works by Katherine Kesey & Michael Sorrow
Center for the Arts | Dalton Gallery
121 E. Main St. | Rock Hill, SC
June 18 - July 25, 2021
Thursday, July 15, 2021
4 - 7 PM
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Katherine Kesey and Michael Sorrow present an in-depth examination of the nature of portraiture in an exhibition that highlights the tradition’s simultaneous subjectivity and intimacy.
The exhibition addresses contemporary portraiture through the lens of young-adulthood, and aims to balance postmodern apathy and cynicism with candid moments of intimacy and spontaneity. Fragmented yet immersive, ironic yet sincere, the work conveys connection in a series of snapshots; stream-of-consciousness images which encourage viewers to engage with their perceptions of memory, intuition, and ideology.
The work is multimedia, including combinations of graphite, neon and metallic gel pens, ballpoint pen, and highlighter marker. All works are on various sizes of drawing and kraft papers. Though multimedia, the work retains a continuous element through stylistic choice and subject matter.
Both journalistic and improvisational, this body of work deals contemporary portraiture through the lens of young-adulthood, and aims to balance postmodern apathy and cynicism with candid moments of intimacy and spontaneity.
Using candid photography taken by herself or by close friends, Kesey depict moments of normal or thoughtless existence in an intimate and important way, layering each piece intuitively in order to allude to the myriad of knowledge, moments, and histories that drive us.
By relying largely on accidental combinations of images or mediums, Katherine emphasizes the randomized, stream-of-consciousness aspect to how people deal with the world around them. As society becomes more attuned to psychological impacts from childhood, mental health, regional influence, etcetera, she use this methodology to point out that hasty decision-making, meandering thoughts, misinformed ideology, and cynical disillusionment are not only common, but very human in nature.
And, by insisting these combinations have meaning, Kesey exploits our desires to understand, recognize patterns, and ally with one another, ultimately pointing to a sense of common community and humanity.
To provide the audience a glimpse into local, contemporary portraiture is the purpose of this exhibition. When not straying from typical mediums & classic presentation you are presented with a phenomenal opportunity to focus on the subjective part of what it means to create an objective portrait. A portrait begs to be more than an objective likeness. For instance, a spectator may see the specific image of a person when witnessing them but does the mind not always wonder who that person is or, more importantly, of what value they may hold for the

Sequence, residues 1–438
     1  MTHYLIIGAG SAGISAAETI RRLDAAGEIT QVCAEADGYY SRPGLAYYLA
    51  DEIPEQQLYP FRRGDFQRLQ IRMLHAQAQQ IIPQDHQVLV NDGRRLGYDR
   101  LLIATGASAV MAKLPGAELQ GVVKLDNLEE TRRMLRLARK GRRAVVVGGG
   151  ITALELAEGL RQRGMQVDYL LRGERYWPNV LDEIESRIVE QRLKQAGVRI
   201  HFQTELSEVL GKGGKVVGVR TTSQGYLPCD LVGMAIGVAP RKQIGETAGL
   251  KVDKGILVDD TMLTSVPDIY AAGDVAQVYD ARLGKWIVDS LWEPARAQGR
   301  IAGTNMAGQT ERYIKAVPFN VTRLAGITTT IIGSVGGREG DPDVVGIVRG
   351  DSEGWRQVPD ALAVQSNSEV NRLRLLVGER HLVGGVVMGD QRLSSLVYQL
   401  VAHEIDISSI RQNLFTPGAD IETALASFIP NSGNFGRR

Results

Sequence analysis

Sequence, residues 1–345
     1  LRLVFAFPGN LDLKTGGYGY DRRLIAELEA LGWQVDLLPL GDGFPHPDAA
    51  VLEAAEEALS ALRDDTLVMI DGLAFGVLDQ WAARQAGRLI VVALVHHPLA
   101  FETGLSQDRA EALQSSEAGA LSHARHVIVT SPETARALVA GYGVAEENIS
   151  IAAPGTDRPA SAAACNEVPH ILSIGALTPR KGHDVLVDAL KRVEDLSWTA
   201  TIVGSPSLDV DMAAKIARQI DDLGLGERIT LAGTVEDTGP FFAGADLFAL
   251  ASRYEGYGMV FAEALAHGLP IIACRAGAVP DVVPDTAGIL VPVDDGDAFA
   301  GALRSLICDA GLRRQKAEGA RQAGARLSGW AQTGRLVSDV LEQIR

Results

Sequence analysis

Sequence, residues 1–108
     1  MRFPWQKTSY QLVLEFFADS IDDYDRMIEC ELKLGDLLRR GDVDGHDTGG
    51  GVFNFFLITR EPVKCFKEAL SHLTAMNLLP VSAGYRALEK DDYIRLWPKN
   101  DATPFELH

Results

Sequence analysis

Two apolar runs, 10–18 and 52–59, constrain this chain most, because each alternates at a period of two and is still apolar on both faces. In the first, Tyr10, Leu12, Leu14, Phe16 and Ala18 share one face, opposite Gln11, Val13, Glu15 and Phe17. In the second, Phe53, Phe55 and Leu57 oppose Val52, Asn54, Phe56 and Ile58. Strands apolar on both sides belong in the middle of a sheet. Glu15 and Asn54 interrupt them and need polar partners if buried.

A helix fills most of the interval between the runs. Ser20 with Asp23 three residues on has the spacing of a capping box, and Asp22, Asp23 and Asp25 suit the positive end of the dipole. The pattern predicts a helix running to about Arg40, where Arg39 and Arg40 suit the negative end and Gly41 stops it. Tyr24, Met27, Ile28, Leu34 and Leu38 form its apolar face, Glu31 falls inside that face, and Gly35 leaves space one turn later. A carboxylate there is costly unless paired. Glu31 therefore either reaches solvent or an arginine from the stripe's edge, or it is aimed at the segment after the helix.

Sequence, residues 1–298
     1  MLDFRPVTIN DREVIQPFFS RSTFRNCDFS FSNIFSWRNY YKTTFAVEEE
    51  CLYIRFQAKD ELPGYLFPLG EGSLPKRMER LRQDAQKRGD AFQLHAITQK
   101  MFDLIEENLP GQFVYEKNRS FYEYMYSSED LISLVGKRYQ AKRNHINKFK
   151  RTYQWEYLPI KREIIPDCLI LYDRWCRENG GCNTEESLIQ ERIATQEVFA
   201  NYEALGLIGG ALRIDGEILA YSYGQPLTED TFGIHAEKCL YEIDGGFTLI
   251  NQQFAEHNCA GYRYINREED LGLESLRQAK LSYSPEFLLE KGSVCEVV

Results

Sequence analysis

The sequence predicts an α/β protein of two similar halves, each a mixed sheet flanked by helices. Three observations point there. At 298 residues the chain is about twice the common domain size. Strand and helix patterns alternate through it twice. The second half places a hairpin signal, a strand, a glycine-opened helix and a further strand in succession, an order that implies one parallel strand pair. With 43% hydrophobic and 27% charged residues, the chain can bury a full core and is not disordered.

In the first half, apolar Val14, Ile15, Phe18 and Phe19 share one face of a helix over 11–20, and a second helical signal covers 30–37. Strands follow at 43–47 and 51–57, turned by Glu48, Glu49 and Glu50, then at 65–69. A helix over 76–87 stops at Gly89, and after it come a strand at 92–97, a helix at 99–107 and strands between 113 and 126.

spectator. Considering this, to behold any individual is to cross a great distance into the space of their life, be it real or imagined. Identities, volunteered, imposed, or superimposed must be conveyed in any specific portraiture. There are artists within the Rock Hill community exploring these natures of portraiture and this exhibit is an unveiling of two artists’ studies.
Michael Sorrow uses intentional mark making, compounded by brazen color choices, to weave together a superimposed likeness of my subject; it is both the image of the model and the artists impression of them simultaneously. His choice of medium, typically oil pastel on paper, is necessary to help a drawing reach maturity quickly. All portraits are drawn in person and brought to completion, as often as possible, with the model set before him. Drawing from reference in the studio creates an impression of the subject that is too far skewed to create the overlapping duality of who the person is and who they are perceived to be. Michael's portraits must represent both the truth and the idea.
The Perfect Pair
by Rebecca Jacobs
EXHIBITION | June 18 - July 25, 2021
RECEPTION | Thursday, July 15, 2021
4 - 7 PM
We all have our favorite pair of shoes--the ones that get us where we need to go, provide support throughout the day, express our personality--that show others who we are and what we stand for. To explore this, Rebecca Jacobs photographed friends wearing their favorite pair of shoes, and then purposefully mismatched them. Your objective is to mix and match the pieces on the wall and see if you can guess who wears each pair.
Jacobs is a fine art photographer who seeks to understand and portray the fragile undertones of everyday life, and loves pushing the traditional definitions of what photography encompasses in the process. Rebecca earned her BFA in Photography from Winthrop University, and now lives in Rock Hill SC. Her work has been exhibited, awarded and sold in numerous shows, including Artfields 2016 in Lake City, S.C., Site:Brooklyn in 2018, and OFF-BRAND at Goodyear Arts, Charlotte in 2019, and has been featured in several online and print publications. Rebecca is a member of the art collective We Also Make Art (W.A.M.A) and will be exhibiting a new series at The Courtroom Gallery with Friday Arts Project in the fall.